III.

4

Article III of the United States Constitution limits the judicial power of the federal courts to resolving actual cases and controversies. Due in large part to this constitutional limitation on the jurisdiction of the federal judiciary, the Supreme Court has developed certain rules regarding the "justiciability" of disputes. See generally Flast v. Cohen, 392 U.S. 83, 94-97, 88 S.Ct. 1942, 1949-51, 20 L.Ed.2d 947 (1968). Foremost among these various rules is the doctrine of standing. Standing asks whether a party has a sufficient personal stake in the outcome of an otherwise justiciable controversy to obtain relief through a judicial resolution of that controversy. Sierra Club v. Morton, 405 U.S. 727, 731, 92 S.Ct. 1361, 1364, 31 L.Ed.2d 636 (1972). In theory, standing differs from all other aspects of justiciability because of its primary focus on the actual party bringing the suit more than the legal issue presented for adjudication. Flast v. Cohen, 392 U.S. at 99, 88 S.Ct. at 1952. Simply stated, the consideration of standing ensures the appropriateness of a particular party to pursue specific litigation. Id. at 100, 88 S.Ct. at 1952. At its fundamental core, therefore, standing subsumes a blend of constitutional requirements and prudential considerations. Warth v. Seldin, 422 U.S. 490, 498, 95 S.Ct. 2197, 2204, 45 L.Ed.2d 343 (1975).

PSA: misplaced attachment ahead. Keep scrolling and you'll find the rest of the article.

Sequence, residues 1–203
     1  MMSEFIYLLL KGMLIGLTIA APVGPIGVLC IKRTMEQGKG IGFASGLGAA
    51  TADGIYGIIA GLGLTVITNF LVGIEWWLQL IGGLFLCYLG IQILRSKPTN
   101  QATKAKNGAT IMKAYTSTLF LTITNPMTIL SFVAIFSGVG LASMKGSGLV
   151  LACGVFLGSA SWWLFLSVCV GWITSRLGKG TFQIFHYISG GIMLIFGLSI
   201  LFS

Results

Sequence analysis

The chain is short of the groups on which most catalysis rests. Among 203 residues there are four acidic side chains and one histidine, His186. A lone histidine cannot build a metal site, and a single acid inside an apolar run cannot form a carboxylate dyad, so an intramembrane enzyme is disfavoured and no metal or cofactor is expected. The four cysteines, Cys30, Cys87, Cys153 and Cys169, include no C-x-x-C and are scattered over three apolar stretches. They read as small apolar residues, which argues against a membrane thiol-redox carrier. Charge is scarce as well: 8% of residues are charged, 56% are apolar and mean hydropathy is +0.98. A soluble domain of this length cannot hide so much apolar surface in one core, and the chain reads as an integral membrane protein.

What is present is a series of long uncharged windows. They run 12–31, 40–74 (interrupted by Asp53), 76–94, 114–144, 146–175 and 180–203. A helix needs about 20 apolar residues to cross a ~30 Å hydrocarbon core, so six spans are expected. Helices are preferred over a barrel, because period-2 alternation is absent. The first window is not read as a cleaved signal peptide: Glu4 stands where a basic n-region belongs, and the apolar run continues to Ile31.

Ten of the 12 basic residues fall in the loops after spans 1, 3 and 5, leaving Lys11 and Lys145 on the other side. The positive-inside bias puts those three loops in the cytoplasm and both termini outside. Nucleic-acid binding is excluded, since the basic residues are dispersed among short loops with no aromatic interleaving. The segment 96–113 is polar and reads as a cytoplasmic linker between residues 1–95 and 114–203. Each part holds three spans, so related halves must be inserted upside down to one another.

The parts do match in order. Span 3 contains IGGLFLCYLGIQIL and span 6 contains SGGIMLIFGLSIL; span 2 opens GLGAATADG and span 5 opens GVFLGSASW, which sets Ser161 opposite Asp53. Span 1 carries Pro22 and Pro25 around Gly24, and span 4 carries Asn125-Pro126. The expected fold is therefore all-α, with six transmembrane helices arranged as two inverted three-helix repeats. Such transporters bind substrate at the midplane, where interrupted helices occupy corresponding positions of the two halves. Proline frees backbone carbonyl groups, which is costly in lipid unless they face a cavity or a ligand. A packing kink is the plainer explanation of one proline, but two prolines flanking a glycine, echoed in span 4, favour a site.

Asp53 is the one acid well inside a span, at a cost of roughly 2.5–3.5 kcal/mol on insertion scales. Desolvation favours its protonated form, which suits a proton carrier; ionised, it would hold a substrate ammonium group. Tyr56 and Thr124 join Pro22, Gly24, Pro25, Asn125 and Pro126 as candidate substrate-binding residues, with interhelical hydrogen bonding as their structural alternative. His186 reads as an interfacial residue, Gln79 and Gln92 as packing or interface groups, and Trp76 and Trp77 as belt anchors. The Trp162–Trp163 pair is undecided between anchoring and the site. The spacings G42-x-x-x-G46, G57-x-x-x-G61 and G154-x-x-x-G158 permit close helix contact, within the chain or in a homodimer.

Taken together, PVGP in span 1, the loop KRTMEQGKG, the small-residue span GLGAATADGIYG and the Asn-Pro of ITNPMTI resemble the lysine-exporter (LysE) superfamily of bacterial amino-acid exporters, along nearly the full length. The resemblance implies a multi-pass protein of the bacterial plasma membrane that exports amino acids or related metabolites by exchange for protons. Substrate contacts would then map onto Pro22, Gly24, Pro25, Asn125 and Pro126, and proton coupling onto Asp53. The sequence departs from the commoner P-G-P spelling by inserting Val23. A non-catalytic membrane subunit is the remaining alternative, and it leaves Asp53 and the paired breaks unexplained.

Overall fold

5

Generally, a plaintiff has standing to bring a case if the party personally has suffered some actual or threatened injury arising from the putatively illegal conduct of the defendant, the demonstrated injury fairly can be traced to the challenged action, and the injury is likely to be redressed by a favorable decision of the court. Valley Forge Christian College v. Americans United for Separation of Church and State, 454 U.S. 464, 472, 102 S.Ct. 752, 758, 70 L.Ed.2d 700 (1982). In the shorthand analysis of standing, these three basic requirements are referred to as injury-in-fact, causation and redressability, and they are central to any discussion of standing.

6

Today, the question of standing arises most often in suits challenging government conduct or involving what some writers have referred to as "public law litigation." See L. Tribe, American Constitutional Law 107 (2d ed. 1988); Chayes, The Supreme Court, 1981 Term--Foreword: Public Law Litigation and the Burger Court, 96 Harv.L.Rev. 4, 8-10 (1982). This is the very context in which standing is challenged in the case sub judice. In these types of cases, the narrow question of whether the plaintiff has suffered an actual injury is typically disputed.